When you have nothing useful to say on a Sunday afternoon, what better time to throw a small linkfest?
Chuck Jones (you remember him, don't you?) gets profiled next Tuesday on Turner Classic Movies.
The documentary is not so much a biography as it is a joyful exploration of an artist's childhood. Jones, who died at 89 in February 2002, sat down at his drawing table for lengthy interviews in 1997 with filmmakers Peggy Stern and John Canemaker.
These interviews were fashioned into "Chuck Jones: Memories of Childhood." And the greatest compliment you could pay this documentary is that it's the type of work Jones would have loved.
It's very touching, but it's also very clever, very crafty and very funny. Sharing the antic Jones' sense of humor, Stern and Canemaker package these marvelous memories with witty splashes of animation and musical flourishes. A black-and-white sketch or colorful graphic represents a distinctive Jones memory, then animation brings these images and memories to life ...
The music score for Monsters Vs. Aliens is analyzed by Blogger News.
... [F]rom the sound of the tracks here, it appears that [composer Henry] Jackman has been paying attention on all his assignments. He’s able to pull together the action sensibilities of The Dark Knight and Hancock - check out the intensely pounding “Do Something Violent!” with its super-fast-paced tempo and full orchestral involvement - with the cartoonish elements of The Simpsons Movie and Kung Fu Panda - “Meet the Monsters” is a hip, quirky piece that feels like an extended, spruced up sitcom introduction with jazzy Lilo Schifrin elements thrown in for good measure. Monsters vs. Aliens is a thrilling score that mixes dark superhero themes with childlike wonder, at times sounding like John Williams’ Superman score - listen to the opening of “Oversized Tin Can” and tell me I’m wrong - and at other times sounding like a goofy kid pleaser - okay, now check out the second half of “Oversized Tin Can.” ...
And Cristy Lytal of the L.A. Times profiles Phil McNally, the master of MvA's three dimensions.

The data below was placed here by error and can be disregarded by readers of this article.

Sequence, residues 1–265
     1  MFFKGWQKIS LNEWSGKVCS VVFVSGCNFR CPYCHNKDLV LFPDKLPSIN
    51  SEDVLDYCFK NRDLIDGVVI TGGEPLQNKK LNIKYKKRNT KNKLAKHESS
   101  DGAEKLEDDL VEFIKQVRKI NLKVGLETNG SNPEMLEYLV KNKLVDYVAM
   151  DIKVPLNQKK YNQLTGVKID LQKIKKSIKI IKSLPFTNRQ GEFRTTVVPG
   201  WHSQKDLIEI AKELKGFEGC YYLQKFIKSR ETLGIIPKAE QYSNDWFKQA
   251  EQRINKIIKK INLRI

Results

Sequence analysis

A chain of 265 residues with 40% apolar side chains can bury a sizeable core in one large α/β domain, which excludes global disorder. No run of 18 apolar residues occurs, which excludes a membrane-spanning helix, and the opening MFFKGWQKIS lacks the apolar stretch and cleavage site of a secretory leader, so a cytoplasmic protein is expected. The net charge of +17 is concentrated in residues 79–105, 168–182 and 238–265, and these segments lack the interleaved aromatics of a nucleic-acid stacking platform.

... To avoid eye strain, McNally's depth scripts confine the most extreme 3-D to certain scenes, such as the climactic battle in "Monsters vs. Aliens." "Obviously, we want to ramp up this big event at the end of the movie with all this big action," McNally says. "There's a great shot where Susan's diving off the top of an exploding platform with all the guys and she's falling into this huge space. There are explosions, and there's stuff flying out past us as well."
Racking their brains: 2-D techniques such as the rack focus -- in which the focus is shifted between the background and foreground to direct the audience's attention -- are not as effective in 3-D filmmaking. "In 3-D, if you just do a rack focus without anything else changing, half the audience will be left looking at someone who just went blurry because there's a strong desire to look at what's closest, and there's less desire to look at what's farther away," McNally says ...
Computer Graphic World's Barbara Robertson discusses a variety of c.g. shorts.
... When Pixar wanted a new short film to show with its then upcoming CG feature Wall-e, animator Doug Sweetland jumped at the opportunity. The result is a five-minute ’toon called “Presto,” a short film about a rabbit that pulls a magician out of its hat. It’s different from anything Pixar has produced in the past, and it’s the first short Pixar has produced on a rigid deadline.
“Normally, shorts are not primary projects,” Sweetland says. “When a feature needs resources, the short goes on hold. But, one of the tests with ‘Presto’ was to see if we could do the film without interruptions.”
They did, but it took some clever tricks on the part of the production crew to make it happen. “Our original schedule had us finishing before the peak usage of labor on Wall-e occurred,” says Richard Hollander, producer. “We lost that battle and became lock-step to Wall-e ..."
Have yourself a useful workweek in the days ahead,